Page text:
Why no gluten? Let’s find out—it’s a fascinating story.
Read all about it in France Today!
If you’ve spent time around the Alpilles, the small mountain range near St-Rémy-de-Provence, you’ve probably spotted a medieval chateau or two. Some are hard to miss, like the one above the fortified city of Les Baux. Others are little more than piles of rubble.
The Alpilles were once dense with chateaux of all shapes and sizes. But why so many? And what happened to them? Here’s some history, plus a guide to the chateaux that you can still visit today.
Read all about it at Perfectly Provence!
Sur le Pont d’Avignon
L’on y danse, l’on y danse
Sur le Pont d’Avignon
L’on y danse tous en rond
Many of us learned that song as kids, about the famous Pont d’Avignon in Provence. For those of us lucky enough to see the real bridge in all its glory, we are often surprised because it’s rather short—only about 100 yards long and ending partway across the Rhone River.
Much of the original Pont d’Avignon tumbled into the Rhone centuries ago, a victim of inadequate construction and poor maintenance. Today it’s hard to imagine what it looked like when it was nearly a mile long and spanned the entire river. Was it straight or curved? Was it fortified? Did it have a drawbridge in the middle?
Luckily, a group of scientists and historians has discovered what the bridge looked like and has created a full 3D model of it. There’s even a video that shows what it was like to cross from one side to the other and back!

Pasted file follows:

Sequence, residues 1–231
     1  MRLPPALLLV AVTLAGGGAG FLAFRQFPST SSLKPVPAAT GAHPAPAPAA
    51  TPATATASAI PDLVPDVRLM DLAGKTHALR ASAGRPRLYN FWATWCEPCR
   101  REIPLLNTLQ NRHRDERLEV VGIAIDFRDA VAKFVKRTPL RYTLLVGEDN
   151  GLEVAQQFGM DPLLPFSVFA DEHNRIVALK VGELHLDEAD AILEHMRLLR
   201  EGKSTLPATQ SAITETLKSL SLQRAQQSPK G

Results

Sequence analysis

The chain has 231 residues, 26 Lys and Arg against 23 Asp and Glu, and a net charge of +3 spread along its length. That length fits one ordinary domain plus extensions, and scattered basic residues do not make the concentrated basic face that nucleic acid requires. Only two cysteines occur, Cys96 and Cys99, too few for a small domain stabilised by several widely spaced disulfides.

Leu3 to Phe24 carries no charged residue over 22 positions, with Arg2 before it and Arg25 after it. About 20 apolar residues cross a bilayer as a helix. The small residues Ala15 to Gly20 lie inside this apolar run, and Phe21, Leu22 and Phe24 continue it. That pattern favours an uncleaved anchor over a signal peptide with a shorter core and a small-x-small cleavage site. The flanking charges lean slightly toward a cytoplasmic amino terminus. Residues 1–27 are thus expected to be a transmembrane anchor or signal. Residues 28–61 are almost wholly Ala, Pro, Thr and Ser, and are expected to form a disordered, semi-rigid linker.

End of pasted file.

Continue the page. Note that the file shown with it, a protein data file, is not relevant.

Read all about it at The Good Life France!
It’s summer: time for long, lazy days and maybe a book or two. Looking for something good to read? Then check out this hilarious true story of an American who buys a house in a tiny village in Brittany and begins living there part of the year.
As a part-time expat myself, I find that author Mark Greenside does an exceptional job of describing the many fish-out-of-water moments of life abroad. He also writes movingly about how his experiences in a new land have changed him. This is a book not to be missed!
Check out my review in My French Life.
One of the best things about Provence is being able to go to the outdoor markets, and there’s a market every day in one village or another near where we stay in St-Rémy. You get to taste samples, buy delicious produce, rub elbows with the locals–it’s great! And we are lucky because the best market of all is our own, held every Wednesday morning. One of our favorite things to do is to get up early and wander over to see what’s available.
What’s it like to go to our market? Follow me and find out!
Read all about it in Perfectly Provence.
In most countries, it’s hard for a political party to get on the ballot, but not so in France. In fact, a whopping 34 different parties were on the ballot in the recent election for the European Parliament. And not all of them are what you would call mainstream.
Do you love pirates? Does the “universal language” of Esperanto set your heart aflutter? Do you think it’s time to dispense with this democracy nonsense and bring back the King? Then France has a political party for you!
Read all about it in Frenchly!